Eisteddfod: quirky Lally Katz play coming to Mandurah


Role-playing: Brendan Ewing and Natalie Holmwood.
Role-playing: Brendan Ewing and Natalie Holmwood.

NOT everyone will like this very original play by Lally Katz.

It is the strange story of agoraphobic and inseparable siblings Gerture and Abalone whose parents have died in a freak accident and who are rehearsing “the Scottish play” (Macbeth) which is surrounded by superstition for a local eisteddfod.

Abalone is almost obsessive about amateur dramatics and his desire to win first prize – a trip to Russia – at the eisteddfod while Gerture is becoming less interested in the games they play and he sets out on one final game to win her back.

Eisteddfod is unpredictable and clever – what of their role playing is real and what is a dream?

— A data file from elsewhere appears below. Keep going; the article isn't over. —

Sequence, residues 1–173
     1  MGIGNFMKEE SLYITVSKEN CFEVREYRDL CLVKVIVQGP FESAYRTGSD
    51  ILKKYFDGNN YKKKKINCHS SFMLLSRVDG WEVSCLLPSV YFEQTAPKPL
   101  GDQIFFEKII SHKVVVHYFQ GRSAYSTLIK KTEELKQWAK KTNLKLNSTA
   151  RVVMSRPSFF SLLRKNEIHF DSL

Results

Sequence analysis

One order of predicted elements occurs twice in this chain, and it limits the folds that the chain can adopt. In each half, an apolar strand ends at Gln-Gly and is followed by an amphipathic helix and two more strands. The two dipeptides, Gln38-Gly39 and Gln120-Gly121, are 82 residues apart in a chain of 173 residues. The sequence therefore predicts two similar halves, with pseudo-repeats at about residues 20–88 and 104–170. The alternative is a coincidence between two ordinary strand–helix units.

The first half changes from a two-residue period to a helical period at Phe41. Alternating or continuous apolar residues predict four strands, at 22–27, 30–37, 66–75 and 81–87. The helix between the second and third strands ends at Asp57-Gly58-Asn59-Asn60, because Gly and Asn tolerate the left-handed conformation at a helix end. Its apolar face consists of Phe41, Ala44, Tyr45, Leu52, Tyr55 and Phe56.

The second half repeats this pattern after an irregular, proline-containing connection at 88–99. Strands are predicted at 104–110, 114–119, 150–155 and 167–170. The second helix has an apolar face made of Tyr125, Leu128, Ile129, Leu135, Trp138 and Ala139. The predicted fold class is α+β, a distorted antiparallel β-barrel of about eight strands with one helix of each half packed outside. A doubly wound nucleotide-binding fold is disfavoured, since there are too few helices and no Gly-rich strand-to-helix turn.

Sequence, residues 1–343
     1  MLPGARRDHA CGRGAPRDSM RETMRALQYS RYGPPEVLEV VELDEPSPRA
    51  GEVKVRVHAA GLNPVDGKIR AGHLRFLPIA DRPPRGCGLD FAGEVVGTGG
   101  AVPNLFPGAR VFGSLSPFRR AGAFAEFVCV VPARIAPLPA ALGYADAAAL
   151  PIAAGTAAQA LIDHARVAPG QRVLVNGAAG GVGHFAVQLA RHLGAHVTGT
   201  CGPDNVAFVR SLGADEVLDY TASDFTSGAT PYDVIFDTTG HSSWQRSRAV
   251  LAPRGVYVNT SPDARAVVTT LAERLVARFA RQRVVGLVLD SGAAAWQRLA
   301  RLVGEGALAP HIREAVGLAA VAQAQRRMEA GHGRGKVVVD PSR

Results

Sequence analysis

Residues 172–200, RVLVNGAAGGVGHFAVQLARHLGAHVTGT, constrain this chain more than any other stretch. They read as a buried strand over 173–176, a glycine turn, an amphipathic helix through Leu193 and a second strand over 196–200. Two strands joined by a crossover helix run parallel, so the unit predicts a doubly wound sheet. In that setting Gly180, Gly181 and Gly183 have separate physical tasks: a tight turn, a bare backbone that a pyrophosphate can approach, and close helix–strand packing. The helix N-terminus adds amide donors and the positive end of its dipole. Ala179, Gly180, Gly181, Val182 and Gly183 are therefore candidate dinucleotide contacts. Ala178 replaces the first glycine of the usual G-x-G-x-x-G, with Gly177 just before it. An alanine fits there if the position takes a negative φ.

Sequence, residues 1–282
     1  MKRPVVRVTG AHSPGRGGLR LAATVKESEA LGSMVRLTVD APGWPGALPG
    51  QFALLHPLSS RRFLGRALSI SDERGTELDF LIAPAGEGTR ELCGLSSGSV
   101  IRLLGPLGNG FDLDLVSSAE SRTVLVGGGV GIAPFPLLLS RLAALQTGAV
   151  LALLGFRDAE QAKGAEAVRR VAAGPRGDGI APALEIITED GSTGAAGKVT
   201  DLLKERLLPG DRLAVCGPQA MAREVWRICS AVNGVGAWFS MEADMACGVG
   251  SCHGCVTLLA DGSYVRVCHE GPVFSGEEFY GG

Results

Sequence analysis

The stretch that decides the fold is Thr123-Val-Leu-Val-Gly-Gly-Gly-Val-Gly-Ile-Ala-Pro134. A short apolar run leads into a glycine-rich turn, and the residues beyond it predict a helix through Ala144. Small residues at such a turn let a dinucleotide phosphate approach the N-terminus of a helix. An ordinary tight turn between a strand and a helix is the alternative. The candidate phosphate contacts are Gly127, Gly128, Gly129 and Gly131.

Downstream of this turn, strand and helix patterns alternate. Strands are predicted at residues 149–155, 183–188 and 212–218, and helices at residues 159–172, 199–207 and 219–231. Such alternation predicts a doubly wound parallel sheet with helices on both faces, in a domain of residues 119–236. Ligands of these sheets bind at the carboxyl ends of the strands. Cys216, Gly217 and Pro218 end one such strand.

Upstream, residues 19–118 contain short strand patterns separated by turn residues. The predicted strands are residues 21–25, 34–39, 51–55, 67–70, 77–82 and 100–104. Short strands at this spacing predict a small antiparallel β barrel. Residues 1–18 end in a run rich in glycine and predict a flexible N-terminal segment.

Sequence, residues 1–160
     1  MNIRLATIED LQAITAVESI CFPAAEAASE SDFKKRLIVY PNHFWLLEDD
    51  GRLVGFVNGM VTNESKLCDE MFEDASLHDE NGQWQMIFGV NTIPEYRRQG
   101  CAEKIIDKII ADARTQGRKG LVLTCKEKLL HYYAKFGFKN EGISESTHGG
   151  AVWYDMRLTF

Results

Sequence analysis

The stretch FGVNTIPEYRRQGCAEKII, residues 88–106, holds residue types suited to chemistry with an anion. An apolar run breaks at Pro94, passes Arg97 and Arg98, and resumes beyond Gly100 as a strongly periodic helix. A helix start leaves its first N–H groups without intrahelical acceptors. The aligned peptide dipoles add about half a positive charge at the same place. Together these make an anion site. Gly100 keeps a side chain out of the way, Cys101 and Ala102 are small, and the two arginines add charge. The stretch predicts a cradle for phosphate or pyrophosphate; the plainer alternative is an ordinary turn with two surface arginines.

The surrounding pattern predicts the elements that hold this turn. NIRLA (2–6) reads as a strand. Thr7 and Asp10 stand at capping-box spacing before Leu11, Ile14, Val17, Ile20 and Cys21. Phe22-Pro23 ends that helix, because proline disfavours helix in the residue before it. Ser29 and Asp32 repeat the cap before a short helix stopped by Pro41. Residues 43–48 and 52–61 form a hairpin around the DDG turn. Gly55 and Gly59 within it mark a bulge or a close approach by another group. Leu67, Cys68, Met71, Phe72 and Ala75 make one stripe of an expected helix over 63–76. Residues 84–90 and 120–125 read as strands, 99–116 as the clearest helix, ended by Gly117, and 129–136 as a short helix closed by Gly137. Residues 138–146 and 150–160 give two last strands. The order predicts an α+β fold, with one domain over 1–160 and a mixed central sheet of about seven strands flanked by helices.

The risque dialogue is as unexpected as it is shocking and leaves little to the imagination.

But it is enormously funny, particularly a dance sequence to Spandau Ballet’s True.

The two actor cast – Brendan Ewing and Natalie Holmwood – provide fine performances and even if the play is difficult to understand, they alone are worth the price of a ticket.

The set is interesting, set up like a child’s room with an upper bunk and a small classroom with all props dispensed from a range of cardboard boxes.

Katz is one of Australia’s hottest playwrights and one of the most performed.

WHAT: Eisteddfod
WHERE: Studio Underground, State Theatre
WHEN: Until July 9

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